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Ferrari F142 (2009): Maranello’s new V8 sports car scooped

By Tim Pollard (artist’s impression by Larson)

Spy shots

10 April 2009 10:00

Ferrari is preparing to unveil its new V8 supercar, codenamed F142, later in 2009. We still don’t know the name of the production car, but some alphanumeric combination between F400 and F500 are possible badges for the F430 successor, reflecting the mid-engined V8’s displacement.

Our artist’s impression is compiled from the Ferrari F142 spyshots that have been circulating in recent months, suggesting a more modern look. That’s fitting for an all-new model that’s promised to move the game on in a substantial way for the first time in a decade.

Don’t forget, today’s F430 is essentially a rebodied 360 Modena, which dates back to 1999. Ferrari types will deny it, but lift the engine cover of Ferrari’s junior supercar and you’ll find F133e stamped in the engine bay; F133 was the codename for the 360 and ‘e’ stands for evoluzione, you see…

Ferrari F450/F500/F142/whatever: tell me about the tech!

This is where it gets interesting. The F142 project will stick with a V8 slung amidships, but apart from that the engineering recipe is markedly different from the F430’s. It’s an important advance: the V8 makes up three-quarters of Ferrari’s entire production.

We’re still not sure of the V8’s capacity, but it will definitely use Bosch-developed direct injection operating at exceptionally high pressures for this 500bhp application. One source we spoke to suggested the new car will use a downsized, turbocharged V8 to lower emissions and consumption, but other reports suggest a capacity stretched out to 4.5 litres or beyond. Expect plenty of details to lower internal friction, including super-polished camshafts to boost efficiency.

Whatever the final size, it’ll still be a high-rev screamer – such is the Ferrari way – and the California’s seven-speed twin-clutch transmission is set to provide the finger-flicking gearbox thrills. However, Ferrari’s software will be tuned for more sporting shift points than on the California GT.

Will there be a manual ‘box? Fewer than one in 10 buyers order the DIY transmission on the 430, so it’s conceivable the twin-clutch box will be compulsory. Ferrari was reported to be dropping stickshifts altogether, but CAR has learned that it’s seemingly relented and is about to announce a manual transmission option for the California.

And what of the Mille Chili influence on the new Ferrari V8?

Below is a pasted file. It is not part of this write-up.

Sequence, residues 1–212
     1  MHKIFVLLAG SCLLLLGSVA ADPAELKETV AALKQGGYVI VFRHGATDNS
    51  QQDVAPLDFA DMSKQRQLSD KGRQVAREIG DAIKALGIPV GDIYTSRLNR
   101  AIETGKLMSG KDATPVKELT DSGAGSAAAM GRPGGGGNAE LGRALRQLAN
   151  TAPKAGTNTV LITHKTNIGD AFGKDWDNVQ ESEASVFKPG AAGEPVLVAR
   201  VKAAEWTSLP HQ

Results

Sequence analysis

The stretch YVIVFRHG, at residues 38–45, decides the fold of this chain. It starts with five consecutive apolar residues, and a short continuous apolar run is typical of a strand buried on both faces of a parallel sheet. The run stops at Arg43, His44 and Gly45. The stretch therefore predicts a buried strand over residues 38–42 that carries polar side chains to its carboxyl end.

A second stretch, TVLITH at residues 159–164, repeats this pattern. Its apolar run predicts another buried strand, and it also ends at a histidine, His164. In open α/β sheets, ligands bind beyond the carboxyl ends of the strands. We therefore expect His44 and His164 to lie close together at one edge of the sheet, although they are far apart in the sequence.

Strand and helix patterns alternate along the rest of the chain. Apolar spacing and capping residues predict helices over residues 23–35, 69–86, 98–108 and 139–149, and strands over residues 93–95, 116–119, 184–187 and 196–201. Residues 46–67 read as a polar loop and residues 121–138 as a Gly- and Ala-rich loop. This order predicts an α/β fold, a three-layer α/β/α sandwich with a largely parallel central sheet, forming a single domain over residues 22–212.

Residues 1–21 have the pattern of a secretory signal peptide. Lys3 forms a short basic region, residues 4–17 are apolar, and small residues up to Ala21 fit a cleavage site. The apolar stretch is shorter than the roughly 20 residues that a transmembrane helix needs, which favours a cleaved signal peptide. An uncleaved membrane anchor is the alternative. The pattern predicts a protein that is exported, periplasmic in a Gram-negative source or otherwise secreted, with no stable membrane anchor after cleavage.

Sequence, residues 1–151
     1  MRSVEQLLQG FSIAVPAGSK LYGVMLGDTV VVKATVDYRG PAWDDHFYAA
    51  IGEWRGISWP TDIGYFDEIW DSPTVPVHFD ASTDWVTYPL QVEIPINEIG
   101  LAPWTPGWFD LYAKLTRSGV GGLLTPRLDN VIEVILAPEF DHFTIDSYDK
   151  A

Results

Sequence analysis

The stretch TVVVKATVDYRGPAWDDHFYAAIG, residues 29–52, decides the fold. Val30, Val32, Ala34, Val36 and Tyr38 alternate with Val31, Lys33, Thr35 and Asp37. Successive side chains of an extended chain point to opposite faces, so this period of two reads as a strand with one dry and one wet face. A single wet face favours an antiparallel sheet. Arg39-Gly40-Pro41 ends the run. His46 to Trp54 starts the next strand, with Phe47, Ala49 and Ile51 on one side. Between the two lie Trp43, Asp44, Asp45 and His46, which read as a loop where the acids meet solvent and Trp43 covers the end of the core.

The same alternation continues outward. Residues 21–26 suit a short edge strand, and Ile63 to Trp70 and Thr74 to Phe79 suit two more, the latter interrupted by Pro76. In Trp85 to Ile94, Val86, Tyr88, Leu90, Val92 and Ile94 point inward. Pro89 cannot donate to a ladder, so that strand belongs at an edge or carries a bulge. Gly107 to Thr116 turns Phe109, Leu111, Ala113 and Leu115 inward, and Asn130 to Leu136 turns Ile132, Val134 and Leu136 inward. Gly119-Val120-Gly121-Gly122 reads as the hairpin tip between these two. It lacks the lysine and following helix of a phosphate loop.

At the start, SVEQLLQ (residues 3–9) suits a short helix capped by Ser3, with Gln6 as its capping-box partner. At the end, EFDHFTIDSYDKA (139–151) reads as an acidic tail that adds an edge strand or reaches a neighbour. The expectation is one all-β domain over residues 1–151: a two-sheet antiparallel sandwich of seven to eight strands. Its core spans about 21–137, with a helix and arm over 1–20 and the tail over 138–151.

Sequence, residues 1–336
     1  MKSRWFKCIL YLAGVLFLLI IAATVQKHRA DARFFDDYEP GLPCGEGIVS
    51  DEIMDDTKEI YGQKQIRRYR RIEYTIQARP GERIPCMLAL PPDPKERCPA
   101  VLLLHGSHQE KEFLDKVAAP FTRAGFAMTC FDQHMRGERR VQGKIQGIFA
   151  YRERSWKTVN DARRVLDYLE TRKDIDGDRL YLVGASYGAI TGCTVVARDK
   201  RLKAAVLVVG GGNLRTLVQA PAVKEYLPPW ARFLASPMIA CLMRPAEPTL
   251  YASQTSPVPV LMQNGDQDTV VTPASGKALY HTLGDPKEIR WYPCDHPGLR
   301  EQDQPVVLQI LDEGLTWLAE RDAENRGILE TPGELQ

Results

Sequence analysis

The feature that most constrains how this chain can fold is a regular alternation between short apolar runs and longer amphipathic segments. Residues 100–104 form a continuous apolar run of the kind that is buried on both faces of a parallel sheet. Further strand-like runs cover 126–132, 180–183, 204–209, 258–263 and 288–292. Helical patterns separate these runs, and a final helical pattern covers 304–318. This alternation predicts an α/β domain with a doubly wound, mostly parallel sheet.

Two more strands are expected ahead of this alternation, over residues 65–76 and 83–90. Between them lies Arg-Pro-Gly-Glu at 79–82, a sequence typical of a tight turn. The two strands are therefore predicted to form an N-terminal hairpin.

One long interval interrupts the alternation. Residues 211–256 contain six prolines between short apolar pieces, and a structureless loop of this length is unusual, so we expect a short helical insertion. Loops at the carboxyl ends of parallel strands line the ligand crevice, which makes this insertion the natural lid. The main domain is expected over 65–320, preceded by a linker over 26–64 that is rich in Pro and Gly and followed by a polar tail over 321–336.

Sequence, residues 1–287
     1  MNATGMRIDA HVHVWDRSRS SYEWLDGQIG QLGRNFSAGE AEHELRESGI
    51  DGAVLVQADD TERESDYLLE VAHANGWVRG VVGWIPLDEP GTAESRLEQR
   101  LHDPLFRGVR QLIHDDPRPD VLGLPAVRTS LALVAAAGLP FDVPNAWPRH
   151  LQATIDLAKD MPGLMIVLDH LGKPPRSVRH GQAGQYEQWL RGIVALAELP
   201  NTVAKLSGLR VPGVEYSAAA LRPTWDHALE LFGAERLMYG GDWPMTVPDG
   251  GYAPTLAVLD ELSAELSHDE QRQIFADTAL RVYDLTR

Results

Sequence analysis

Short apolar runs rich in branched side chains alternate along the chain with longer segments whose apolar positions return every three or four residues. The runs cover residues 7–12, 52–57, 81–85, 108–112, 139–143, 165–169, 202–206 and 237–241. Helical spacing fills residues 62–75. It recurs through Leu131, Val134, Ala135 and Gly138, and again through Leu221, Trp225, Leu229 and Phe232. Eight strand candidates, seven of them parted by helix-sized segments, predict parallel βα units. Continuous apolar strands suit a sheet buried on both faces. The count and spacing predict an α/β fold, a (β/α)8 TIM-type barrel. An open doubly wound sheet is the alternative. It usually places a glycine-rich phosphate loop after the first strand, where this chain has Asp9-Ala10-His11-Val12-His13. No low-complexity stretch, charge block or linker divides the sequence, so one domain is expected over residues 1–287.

The 2007 lightweight design study will influence the F142 project, insiders vow. There’s a possibility the fixed-seat system will be employed, doing away with heavy electric motors and lowering the centre of gravity and instead having pedals and instruments that  move.

Of more significance is the use of lighter materials. The F430 already uses aluminium extensively, but Ferrari is likely to add even more exotic materials made possible by the new V8’s likely price tag north of £150,000. Maranello’s new Mille Chili institute is already developing hybrid aluminium/composite honeycomb materials that could be used in the bulkhead between the cabin and engine bay for instance.

Net result? The new Ferrari V8 supercar is likely to weigh less than the 1250kg of today’s F430. We somehow doubt they’ll quite hit the eventual 1000kg target quite yet, but Ferrari chief insists that every new Ferrari heralds a technological breakthrough and F142’s is likely to focus on clever-clogs weight saving and active aerodynamics.

What about KERS on the new Ferrari?

Not yet. Ferrari is on record as saying a road car application isn’t likely before 2012 – but be in no doubt that Maranello is developing an F1-style energy recapture system for its showroom range. It’s slightly at odds with the light weight mantra, adding as it does 35kg of batteries on today’s F1 car.

Other high tech details on the new V8 will include the latest iteration of the E-diff, controlled by the mannetino, and standard carbon brakes. It’ll be built in the new Ferrari factory that started making the California – with new, more efficient and higher quality production promised as a result.

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